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He's Just Kidding, 01.02.02 ...

Has there been a kinder, sweeter, more uplifting character on TV than Michel Gerard on The Gilmore Girls?

The answer, of course, is yes. Thousands of them.

Gerard is the snooty Frenchman who abuses patrons from behind the Independence Inn reception desk on The Gilmore Girls. The quirky hour, starring Lauren Graham as single mom Lorelai raising her teenage daughter Rory (Alexis Bledel) in a quaint Connecticut town, is fast becoming a hit in its second season on The WB (Tues., 8 p.m.) and Global (moving to Wednesday nights later this month).

The part of Gerard is played to the hilt by not-so-snooty Yanic Truesdale, a native of Montreal. Truesdale describes his character as arrogant, patronizing and sarcastic -- all the qualities tourists encounter on their first trip to Paris.

"It's totally based on the American perception of French people," says Truesdale, who admits that the perception is not totally false. "I have been in Paris and I have been treated very poorly on some occasions," he says.

"It's not that they're rude, it's just that they're very opinionated," he explains. "They have a way of expressing their opinions that makes you feel that if you don't have the same view, you're stupid. They don't mean it that way."

Truesdale landed the part two years ago. It was his first audition in L.A. and only his second acting job in English.

In fact, three years ago, when he lived in New York, he could barely speak English at all. A crash course at the Lee Strasberg Acting Institute brought him up to speed.

Now he's starring on arguably the chattiest show on television.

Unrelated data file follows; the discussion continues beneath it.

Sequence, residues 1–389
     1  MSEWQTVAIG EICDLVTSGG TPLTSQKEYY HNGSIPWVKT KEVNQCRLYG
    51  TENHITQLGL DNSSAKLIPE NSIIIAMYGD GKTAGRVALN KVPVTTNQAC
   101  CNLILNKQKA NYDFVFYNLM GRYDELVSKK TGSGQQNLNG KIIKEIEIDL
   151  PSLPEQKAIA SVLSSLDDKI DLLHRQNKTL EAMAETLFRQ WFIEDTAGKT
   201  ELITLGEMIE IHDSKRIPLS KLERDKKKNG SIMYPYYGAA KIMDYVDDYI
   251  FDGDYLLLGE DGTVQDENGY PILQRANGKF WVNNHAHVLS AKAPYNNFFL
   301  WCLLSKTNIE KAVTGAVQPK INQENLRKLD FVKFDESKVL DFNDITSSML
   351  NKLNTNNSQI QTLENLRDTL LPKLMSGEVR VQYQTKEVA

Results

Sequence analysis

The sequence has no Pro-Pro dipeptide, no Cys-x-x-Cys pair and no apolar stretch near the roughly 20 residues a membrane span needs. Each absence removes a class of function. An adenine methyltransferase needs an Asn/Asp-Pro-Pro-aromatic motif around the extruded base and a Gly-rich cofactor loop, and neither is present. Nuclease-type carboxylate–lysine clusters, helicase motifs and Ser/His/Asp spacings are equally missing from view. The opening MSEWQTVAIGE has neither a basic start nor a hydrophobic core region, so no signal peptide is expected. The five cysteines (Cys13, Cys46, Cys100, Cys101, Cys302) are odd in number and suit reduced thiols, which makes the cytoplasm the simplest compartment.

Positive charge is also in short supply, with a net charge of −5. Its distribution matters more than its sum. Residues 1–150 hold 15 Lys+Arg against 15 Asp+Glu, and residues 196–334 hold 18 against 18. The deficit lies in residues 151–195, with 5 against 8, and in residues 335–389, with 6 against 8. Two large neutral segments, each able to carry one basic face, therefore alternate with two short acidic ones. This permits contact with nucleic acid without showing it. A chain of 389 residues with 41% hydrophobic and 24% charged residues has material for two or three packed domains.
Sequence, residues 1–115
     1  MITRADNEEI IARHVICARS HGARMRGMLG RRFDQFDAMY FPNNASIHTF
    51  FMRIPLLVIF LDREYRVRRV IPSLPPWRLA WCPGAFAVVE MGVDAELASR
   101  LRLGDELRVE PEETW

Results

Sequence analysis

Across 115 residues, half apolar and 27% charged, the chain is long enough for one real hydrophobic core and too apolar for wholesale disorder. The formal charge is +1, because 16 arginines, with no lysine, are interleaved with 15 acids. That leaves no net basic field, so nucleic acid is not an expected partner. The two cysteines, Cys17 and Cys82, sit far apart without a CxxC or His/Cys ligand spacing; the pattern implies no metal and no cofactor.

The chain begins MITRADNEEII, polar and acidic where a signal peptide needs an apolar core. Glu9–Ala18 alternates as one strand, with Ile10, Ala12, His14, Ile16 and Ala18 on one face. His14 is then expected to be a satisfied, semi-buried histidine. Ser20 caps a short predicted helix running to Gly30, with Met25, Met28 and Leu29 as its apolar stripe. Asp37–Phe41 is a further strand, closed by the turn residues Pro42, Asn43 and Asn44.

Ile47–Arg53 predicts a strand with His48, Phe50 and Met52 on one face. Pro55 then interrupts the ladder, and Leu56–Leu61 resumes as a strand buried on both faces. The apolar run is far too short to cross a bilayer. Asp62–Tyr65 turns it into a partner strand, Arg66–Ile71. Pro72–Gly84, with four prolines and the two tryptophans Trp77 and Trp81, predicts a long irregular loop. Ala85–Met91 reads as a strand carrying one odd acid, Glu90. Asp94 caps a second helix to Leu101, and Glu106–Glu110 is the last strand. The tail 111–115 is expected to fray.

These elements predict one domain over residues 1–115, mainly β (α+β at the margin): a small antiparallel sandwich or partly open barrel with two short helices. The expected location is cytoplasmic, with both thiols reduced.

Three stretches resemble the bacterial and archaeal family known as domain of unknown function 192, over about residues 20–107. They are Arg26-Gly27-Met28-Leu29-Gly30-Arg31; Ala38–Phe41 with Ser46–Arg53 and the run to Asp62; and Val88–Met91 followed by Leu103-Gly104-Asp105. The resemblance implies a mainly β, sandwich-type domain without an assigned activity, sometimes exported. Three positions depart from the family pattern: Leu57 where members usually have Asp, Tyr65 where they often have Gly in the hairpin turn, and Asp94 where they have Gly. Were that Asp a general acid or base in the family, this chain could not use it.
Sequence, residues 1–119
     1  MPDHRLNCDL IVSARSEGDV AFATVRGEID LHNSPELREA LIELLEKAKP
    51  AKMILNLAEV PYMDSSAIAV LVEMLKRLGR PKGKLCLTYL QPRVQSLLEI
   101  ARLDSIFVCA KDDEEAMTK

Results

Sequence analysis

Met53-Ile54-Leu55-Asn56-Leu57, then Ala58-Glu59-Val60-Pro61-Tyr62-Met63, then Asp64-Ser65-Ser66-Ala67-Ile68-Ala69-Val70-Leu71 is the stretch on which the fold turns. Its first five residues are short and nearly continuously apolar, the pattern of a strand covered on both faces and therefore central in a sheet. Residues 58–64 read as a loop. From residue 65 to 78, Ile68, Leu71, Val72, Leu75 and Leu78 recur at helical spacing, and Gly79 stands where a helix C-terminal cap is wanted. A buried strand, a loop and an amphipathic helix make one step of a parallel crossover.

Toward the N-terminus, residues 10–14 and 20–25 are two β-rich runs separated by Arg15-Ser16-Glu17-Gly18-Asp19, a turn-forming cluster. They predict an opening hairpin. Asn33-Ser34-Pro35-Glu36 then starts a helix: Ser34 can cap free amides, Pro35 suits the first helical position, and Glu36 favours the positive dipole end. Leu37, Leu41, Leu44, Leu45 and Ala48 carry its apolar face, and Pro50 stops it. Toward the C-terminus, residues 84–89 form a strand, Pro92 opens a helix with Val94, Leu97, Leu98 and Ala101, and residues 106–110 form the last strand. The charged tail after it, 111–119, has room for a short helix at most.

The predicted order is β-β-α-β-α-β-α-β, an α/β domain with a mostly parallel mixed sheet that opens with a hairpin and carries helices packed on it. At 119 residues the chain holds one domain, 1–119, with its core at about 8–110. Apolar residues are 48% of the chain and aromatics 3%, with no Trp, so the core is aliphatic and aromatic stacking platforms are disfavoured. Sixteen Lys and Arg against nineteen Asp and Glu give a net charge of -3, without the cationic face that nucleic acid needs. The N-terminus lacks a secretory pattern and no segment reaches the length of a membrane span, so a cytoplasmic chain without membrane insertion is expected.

Truesdale admits that the weekly scripts are "quite thick and heavy for an hour show. That's (executive producer Amy Sherman-Palladino)'s style -- very talkative."

Truesdale says that the idea for the quaint country inn came from a trip the producer took to New England before creating the series. "Everybody there was nice and polite. What, are they on drugs?" was Palladino's impression.

The Inn needed a cranky character to play off the idyllic setting. Presto -- Gerard was born.

It's the kind of a character that's never been seen on American TV before, according to Truesdale: "a European, French, black guy who lives in the U.S. It's kind of unique."

He adds that Gerard is the kind of character who says out loud what other people think but usually keep to themselves. "That's healthy in a way," says Truesdale. "We like to have those characters around."

He's heard that the writers may be working on an episode where we get to meet Gerard's mother or brother. "That would be a lot of fun, to see just what kind of a family this guy comes from."

As for his own family, Truesdale was raised by his mother and his grandmother in Montreal.

He has dual Canadian-American citizenship because his father is from New York.

He got into acting "by accident" when a friend suggested he audition for a school play. He was 17 at the time and liked the experience so much he later graduated from The National Theatre School in Ottawa.

The 31-year-old starred for six seasons in Quebec on The Duval Family and also acted on the CBC hockey drama He Shoots, He Scores, although he admits he couldn't really skate.

"It was kind of embarrassing," he says. "The extras who were doing the game scenes were real hockey players. I had to watch them just to learn how to put on the equipment."
Credit: Jam! Showbiz

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